In response to Conway’s Sept. 26 commentary, former Washington Post correspondent David Weigel pointed out that CDC data on 2020 fatal drug overdoses numbers in the state has eclipsed any other where cannabis was legally allowed, lending to more commonly corroborated findings that cannabis has yet to reportedly kill someone.

“In Pennsylvania specifically, troubled areas are riddled with people struggling with opioid addiction, which was documented in the Kensington neighborhood of Philadelphia last month. But Salon reports that the majority of central Philadelphia is gentrified and the drug crisis is better off than it has been in the past. Focusing only on the state’s troubled areas doesn’t provide an accurate picture,” High Times wrote.

Fetterman is currently facing off against GOP celebrity doctor Mehmet Oz for a U.S. Senate seat this election season.

This article has been updated.


Adam JacksonSeptember 26, 2022
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3min6801

TerrAscend Corp. (CSE: TER) (OTCQX: TRSSF) will help bring Berner’s Cookies products to Pennsylvania.

TerrAscend said that it has entered into a multi-year agreement with TRP — the cannabis holding and operating company with the exclusive rights Cookies products — to cultivate and manufacture Cookies products in the Keystone State.

Pennsylvania has always shown Cookie’s love and we could not be more excited to expand our reach on the East Coast with our partner TerrAscend,” said Berner, co-founder and CEO of Cookies. “We’re excited to launch a fresh menu of California flavors, in what has become a very strong and important market for cannabis in the US.”

The company said that it will soon launch Cookies products at each of the company’s ‘Apothecarium’ and ‘Keystone Canna Remedies’ dispensary retail chains in Plymouth- MeetingLancasterThorndaleBethlehemAllentown and Stroudsburg.

The trio has already made strides together in the New Jersey market, where the group launched “Cookies Corner” — a portion of the store dedicated to Cookies products — at a TerrAscend ‘Apothecarium’ dispensary.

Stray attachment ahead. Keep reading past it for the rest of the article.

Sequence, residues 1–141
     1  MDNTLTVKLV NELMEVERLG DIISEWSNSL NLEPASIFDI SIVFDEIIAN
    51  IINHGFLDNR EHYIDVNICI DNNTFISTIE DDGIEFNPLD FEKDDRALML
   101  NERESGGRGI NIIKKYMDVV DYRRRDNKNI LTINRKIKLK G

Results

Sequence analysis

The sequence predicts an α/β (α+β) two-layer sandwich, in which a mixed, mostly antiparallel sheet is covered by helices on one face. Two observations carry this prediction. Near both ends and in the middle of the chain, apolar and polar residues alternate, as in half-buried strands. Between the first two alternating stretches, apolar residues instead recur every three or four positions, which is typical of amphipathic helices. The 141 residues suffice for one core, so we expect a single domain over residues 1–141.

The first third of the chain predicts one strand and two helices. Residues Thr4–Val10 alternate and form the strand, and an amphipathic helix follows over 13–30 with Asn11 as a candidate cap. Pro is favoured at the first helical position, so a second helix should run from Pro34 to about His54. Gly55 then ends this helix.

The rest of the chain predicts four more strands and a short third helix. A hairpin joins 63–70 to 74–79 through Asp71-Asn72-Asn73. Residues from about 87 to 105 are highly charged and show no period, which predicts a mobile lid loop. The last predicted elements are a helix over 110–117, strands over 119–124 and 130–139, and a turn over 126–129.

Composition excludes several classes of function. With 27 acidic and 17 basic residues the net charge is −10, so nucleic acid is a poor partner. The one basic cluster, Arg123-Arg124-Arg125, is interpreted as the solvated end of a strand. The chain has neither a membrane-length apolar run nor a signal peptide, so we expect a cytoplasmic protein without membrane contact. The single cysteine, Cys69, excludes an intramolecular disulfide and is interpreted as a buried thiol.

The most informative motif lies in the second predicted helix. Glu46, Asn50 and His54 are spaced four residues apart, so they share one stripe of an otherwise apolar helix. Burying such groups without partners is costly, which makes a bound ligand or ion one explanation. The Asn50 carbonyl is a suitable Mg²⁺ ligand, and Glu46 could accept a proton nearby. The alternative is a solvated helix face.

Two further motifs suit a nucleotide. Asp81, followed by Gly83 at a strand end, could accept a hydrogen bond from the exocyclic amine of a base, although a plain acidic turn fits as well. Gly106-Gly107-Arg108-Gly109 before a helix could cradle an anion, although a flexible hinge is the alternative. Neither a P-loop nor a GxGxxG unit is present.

“TRP is excited to partner with TerrAscend to bring some of the most desirable genetics out there to the patients of the Pennsylvania, and are looking forward to providing patients with the full Cookies experience when we open our flagship stores in the commonwealth” said TRP co-founder and CEO Brandon Johnson.

Strains from Cookies premium genetics will be made available at TerrAscend dispensaries, as well as Cookies stores owned and operated by TRP that are slated to open in the coming months.

“It’s exciting to announce this agreement and continue to collaborate with Berner and his team on sharing these world-class products with patients in Pennsylvania“, said Jason Wild, executive chairman of TerrAscend.


Debra BorchardtJune 16, 2022
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6min5140

Cannabis companies are cheering a court ruling that will allow the sale of vape products in the state again. Yesterday a Commonwealth Court judge ruled that Pennsylvania medical marijuana companies could resume selling vapes that were taken off the shelves in February in a controversial recall. Earlier this year, the state regulators published a list of over 500 vape products they deemed could not be sold because they did not meet FDA requirements. However, products included in the recall had previously been approved by the state Department of Health for more than three years and the recall specifically focused on medical marijuana vaporization products that contained terpene additives.

Two lawsuits resulted from the recall. According to Law360, “Medical Marijuana Access and Patient Safety Inc., a nonprofit made up of dispensaries, growers, processors, certified patients that use medical marijuana vaporization products, and other industry stakeholders, filed suit against three high-ranking members of the state DOH in February in Pennsylvania state court.” At the time, the court authorized the recalled products to be held in quarantine instead of being destroyed until a decision was reached.

One of the companies affected by the case, Jushi Holdings (CSE: JUSH) (OTCQX: JUSHF) released the following statement:

On behalf of Pennsylvania’s medical marijuana patient community, we would like to extend our appreciation to the Commonwealth Court for its thoughtful assessment of the facts and circumstances upon which DOH’s February recall of tested, approved medical marijuana vaporization products containing terpenes was based, and for the subsequent orders issued on June 2 and June 15 allowing responsible operators to again make these products accessible to patients.

In light of the Court’s Orders, impacted products will be back on the shelves of BEYOND/HELLOTM dispensaries today and the shelves of our partner dispensaries across the Commonwealth in the coming days.

After receiving documents and testimony offered by MMAPS, the Court came to the unambiguous conclusion that DOH “failed to present any evidence” of potential harm to medical marijuana patients associated with the recalled products,” noting that the Department did not call any witnesses or present any evidence of patient complaints or adverse events during the preliminary injunction hearing.